Local Leadership and the Voluntary Provision of Public Goods in Bolivia

Researchers:
María P. Recalde
Location:
Rio Grande-Valles Cruceños Region of Bolivia
Sample:
52 communities
Timeline:
2010 - 2011
Target group:
  • Politicians and electoral candidates
  • Rural population
Outcome of interest:
  • Charitable giving
  • Social service delivery
Intervention type:
  • Information
Partners:

Individuals often lack incentives to pay for public goods, and in many developing countries, governments also fail to provide them. Researchers used a randomized evaluation to test how local leaders influence the voluntary provision of public goods. They solicited contributions for environmental education books, which all members of the community would be able to access, and varied whether leaders made public contributions. They found that when elected community leaders were asked to set an example, they increased the amount they gave and induced followers to contribute more as well.

Policy issue

Governments commonly provide goods and services, such as mosquito control, fire protection, roadways, and libraries, which are intended to benefit the general public. However, in many developing countries, these goods and services are undersupplied because governments do not have the capacity or finances to provide and maintain them.

An alternative is to encourage the voluntary provision of public goods, which would allow grassroots funding for goods and services that regional or national governments do not supply. Theory suggests that individuals lack incentives to pay for public goods because others can “free-ride” off of their investment. Local leaders may be able to increase voluntary contributions towards public goods by setting an example that other community members follow. The leader’s action may increase contributions through several mechanisms. It may signal that the good is valuable to the community, which would increase contributions from individuals who lack information about its value. It may also associate contributing with high social status, inducing contributions from followers who want to improve their social status. In cultures that place an emphasis on reciprocity, the leader’s example may create the expectation that others donate as well. Nevertheless, there is little empirical evidence on the effect that leaders have on the voluntary provision of public goods.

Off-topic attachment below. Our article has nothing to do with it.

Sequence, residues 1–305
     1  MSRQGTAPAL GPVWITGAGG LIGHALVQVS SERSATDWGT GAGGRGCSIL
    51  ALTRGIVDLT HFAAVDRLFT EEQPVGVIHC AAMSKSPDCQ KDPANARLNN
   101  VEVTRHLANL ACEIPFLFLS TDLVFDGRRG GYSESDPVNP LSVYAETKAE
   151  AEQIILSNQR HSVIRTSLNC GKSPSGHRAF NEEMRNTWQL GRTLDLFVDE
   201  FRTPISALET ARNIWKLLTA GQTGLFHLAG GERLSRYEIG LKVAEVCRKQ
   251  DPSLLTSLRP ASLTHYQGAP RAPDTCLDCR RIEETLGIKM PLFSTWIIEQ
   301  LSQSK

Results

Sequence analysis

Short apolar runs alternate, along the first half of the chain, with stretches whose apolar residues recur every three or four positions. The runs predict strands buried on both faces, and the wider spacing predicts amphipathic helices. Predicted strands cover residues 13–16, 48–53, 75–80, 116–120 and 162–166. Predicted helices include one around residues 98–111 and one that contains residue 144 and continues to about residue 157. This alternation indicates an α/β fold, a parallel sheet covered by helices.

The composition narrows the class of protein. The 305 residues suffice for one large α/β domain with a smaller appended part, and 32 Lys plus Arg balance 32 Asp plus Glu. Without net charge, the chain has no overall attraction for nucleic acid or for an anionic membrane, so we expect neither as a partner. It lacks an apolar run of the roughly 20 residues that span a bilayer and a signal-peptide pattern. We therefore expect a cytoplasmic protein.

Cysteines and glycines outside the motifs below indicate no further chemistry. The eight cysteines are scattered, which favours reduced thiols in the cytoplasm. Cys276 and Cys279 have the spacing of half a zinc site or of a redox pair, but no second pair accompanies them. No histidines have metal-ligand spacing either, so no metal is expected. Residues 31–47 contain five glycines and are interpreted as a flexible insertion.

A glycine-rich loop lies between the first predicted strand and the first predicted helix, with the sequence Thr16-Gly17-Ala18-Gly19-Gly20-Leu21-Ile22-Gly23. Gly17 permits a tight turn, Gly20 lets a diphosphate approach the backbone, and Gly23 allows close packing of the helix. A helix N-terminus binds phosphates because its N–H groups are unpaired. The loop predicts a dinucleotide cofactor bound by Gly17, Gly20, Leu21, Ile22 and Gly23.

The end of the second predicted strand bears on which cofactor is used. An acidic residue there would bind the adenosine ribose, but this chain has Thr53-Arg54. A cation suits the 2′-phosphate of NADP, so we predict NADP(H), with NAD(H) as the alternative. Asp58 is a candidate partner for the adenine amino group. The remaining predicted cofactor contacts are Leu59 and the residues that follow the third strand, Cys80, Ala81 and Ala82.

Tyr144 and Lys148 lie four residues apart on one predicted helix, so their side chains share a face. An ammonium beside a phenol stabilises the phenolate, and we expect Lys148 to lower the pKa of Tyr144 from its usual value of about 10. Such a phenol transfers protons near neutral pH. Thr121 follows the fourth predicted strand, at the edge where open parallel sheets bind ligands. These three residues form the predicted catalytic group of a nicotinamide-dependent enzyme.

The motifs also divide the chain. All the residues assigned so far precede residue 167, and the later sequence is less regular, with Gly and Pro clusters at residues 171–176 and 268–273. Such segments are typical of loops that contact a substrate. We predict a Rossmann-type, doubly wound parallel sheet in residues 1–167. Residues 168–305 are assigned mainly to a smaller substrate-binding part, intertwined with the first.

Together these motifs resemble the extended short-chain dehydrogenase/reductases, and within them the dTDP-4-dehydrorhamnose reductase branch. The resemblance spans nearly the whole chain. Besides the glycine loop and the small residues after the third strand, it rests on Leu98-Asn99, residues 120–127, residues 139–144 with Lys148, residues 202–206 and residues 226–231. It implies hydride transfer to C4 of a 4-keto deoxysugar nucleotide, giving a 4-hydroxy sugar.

Context of the evaluation

In Bolivia, independent social and political units called Organizaciones Territoriales de Base (OTBs) are responsible for local administration. Each OTB has a president, elected by majority vote, who serves as a formal authority. The OTB president takes charge of requesting funds, developing local projects, interacting with outsiders, and organizing collective works. There are few political parties, and presidents do not actively seek election. Rather, they view their service as an important community duty but find it costly in terms of time and effort.

This study took place in the rural Rio Grande-Valles Cruceños region, where soil erosion resulting from intense agricultural practices is a salient issue. Many households in the region believe that children (and adults) should know more about environmental protection. Information about environmental sustainability is a public good. Once an individual has information about sustainable practices, he can share it with his neighbors at no extra cost, but it is difficult to access this information in rural areas, which means it is likely to be undersupplied.

Details of the intervention

Researchers tested the effect of local leadership on the voluntary provision of a public good, in this case environmental education books for local schools. All community members can access books at the school and readers are likely to share what they learn. In partnership with Fundación Natura Bolivia, researchers organized public meetings to solicit contributions to buy the books in 52 OTBs.